Say you are looking at an old picture of your high school graduation and recognize yourself as the teenager with the funny haircut. Perhaps, from today’s perspective, the haircut is not all that fashionable anymore, but nonetheless you are certain that the person in the picture is you. But what makes it true that you today and the teenager in the picture are identical-or one and the same person over time? This is a question of diachronic personal identity. In order to answer these kinds of questions, we must know the criterion of personal identity. In other words, we want to know what the necessary and sufficient conditions are that account for a person persisting from one time to another.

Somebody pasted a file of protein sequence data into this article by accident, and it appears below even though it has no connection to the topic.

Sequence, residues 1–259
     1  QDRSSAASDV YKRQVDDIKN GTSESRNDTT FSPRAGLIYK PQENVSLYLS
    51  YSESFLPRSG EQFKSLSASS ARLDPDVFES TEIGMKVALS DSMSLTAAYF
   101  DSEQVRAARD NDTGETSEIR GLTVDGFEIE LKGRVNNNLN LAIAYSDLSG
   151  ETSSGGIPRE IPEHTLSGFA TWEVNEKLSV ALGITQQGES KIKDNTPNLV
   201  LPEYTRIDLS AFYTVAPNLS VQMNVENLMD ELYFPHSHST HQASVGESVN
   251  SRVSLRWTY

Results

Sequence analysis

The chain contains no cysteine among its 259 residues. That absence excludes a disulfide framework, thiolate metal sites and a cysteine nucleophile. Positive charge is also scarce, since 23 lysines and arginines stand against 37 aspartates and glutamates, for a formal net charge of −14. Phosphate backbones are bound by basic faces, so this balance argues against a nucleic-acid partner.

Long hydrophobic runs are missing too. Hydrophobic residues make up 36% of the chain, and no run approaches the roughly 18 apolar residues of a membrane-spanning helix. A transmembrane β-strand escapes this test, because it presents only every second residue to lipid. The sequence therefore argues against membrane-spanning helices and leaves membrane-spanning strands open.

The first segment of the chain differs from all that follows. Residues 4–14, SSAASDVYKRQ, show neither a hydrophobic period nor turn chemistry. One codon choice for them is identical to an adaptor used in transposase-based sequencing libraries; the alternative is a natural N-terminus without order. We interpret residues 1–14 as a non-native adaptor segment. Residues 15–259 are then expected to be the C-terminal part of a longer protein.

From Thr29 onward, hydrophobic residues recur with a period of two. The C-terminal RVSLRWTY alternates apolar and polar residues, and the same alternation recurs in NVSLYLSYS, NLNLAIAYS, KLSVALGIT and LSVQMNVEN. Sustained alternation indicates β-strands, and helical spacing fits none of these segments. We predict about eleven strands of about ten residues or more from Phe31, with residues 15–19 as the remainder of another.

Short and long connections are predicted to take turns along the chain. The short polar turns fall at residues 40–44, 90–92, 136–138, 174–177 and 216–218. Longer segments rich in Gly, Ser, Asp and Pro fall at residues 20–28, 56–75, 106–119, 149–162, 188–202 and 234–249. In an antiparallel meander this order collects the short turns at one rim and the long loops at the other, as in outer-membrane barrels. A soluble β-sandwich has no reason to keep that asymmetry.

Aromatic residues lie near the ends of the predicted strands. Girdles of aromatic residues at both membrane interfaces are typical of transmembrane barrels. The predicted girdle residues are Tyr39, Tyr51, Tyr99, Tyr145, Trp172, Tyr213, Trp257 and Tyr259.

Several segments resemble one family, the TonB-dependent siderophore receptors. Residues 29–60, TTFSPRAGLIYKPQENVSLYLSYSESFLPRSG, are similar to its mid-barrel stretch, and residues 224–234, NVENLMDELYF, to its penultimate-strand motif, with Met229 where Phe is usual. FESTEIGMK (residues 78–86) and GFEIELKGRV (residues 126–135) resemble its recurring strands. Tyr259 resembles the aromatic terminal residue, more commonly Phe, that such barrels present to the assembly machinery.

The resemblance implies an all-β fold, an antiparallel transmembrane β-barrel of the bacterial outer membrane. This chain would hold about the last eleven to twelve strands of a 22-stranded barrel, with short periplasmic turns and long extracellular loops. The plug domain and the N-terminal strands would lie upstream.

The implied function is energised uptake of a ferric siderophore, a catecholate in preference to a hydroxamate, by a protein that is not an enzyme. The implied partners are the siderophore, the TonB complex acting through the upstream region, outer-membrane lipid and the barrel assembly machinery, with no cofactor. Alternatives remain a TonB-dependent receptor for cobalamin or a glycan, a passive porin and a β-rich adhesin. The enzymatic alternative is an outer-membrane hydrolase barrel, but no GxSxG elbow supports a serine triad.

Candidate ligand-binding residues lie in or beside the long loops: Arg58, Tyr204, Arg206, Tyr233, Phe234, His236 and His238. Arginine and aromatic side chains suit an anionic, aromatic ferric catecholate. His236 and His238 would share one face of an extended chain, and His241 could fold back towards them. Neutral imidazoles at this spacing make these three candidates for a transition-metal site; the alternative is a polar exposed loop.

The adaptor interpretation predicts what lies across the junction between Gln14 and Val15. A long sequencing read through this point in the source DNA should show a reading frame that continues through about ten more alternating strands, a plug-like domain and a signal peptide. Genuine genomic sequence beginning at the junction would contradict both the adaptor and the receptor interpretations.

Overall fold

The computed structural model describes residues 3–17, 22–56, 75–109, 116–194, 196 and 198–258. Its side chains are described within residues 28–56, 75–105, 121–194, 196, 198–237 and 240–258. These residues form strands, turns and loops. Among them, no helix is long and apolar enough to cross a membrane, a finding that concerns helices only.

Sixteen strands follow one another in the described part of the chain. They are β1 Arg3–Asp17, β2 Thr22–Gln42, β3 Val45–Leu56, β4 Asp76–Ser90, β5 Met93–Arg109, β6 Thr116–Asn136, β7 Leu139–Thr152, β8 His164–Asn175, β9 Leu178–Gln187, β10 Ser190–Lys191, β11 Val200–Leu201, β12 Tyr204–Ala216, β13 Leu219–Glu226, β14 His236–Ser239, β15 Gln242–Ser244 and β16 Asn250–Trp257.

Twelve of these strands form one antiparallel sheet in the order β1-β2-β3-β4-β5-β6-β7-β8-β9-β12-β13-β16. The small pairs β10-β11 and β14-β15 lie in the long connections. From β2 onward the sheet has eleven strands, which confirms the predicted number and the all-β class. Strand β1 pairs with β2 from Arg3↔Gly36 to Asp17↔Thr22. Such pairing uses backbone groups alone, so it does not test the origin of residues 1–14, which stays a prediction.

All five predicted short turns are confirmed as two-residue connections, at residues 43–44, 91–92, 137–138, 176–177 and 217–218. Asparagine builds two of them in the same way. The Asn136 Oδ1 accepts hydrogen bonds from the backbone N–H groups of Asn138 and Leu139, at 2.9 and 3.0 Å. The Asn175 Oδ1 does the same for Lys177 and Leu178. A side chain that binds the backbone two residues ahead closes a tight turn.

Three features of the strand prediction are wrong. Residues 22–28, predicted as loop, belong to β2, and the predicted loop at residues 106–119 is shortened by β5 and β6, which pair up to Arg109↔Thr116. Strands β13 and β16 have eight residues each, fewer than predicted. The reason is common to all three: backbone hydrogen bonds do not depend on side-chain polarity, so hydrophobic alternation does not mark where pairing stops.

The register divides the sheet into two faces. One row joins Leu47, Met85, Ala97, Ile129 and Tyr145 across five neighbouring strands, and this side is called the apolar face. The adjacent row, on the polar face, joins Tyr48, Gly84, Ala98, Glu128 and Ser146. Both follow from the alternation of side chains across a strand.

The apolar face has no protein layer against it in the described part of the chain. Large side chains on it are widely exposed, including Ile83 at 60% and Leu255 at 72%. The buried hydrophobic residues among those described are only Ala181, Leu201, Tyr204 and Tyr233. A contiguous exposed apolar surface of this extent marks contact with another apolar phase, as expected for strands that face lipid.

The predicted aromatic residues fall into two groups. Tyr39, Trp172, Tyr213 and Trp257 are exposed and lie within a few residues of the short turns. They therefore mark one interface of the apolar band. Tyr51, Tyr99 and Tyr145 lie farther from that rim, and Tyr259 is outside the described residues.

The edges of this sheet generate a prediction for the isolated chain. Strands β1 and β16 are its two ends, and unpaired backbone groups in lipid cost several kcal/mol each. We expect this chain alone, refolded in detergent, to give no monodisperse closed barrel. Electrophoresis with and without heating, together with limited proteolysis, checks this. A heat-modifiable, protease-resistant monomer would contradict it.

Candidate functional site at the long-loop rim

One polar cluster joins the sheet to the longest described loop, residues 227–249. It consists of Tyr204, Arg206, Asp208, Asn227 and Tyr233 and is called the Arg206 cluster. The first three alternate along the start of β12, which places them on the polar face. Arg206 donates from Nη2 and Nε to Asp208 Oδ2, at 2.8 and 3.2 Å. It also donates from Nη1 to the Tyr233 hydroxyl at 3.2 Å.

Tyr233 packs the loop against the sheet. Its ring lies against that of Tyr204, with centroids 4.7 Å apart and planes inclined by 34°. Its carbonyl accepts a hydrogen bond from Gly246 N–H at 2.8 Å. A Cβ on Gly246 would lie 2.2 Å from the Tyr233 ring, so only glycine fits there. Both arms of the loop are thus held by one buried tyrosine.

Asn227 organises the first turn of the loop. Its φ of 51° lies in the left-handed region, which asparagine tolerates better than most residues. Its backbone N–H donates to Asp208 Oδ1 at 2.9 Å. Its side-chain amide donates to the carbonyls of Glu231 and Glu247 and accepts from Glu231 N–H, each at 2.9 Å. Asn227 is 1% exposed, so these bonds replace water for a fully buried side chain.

|Title of host publication||The Routledge Handbook of Neuroethics|
|Publisher||Taylor and Francis|
|Number of pages||17|
|Publication status||Published - Jan 1 2017|
ASJC Scopus subject areas
- Arts and Humanities(all)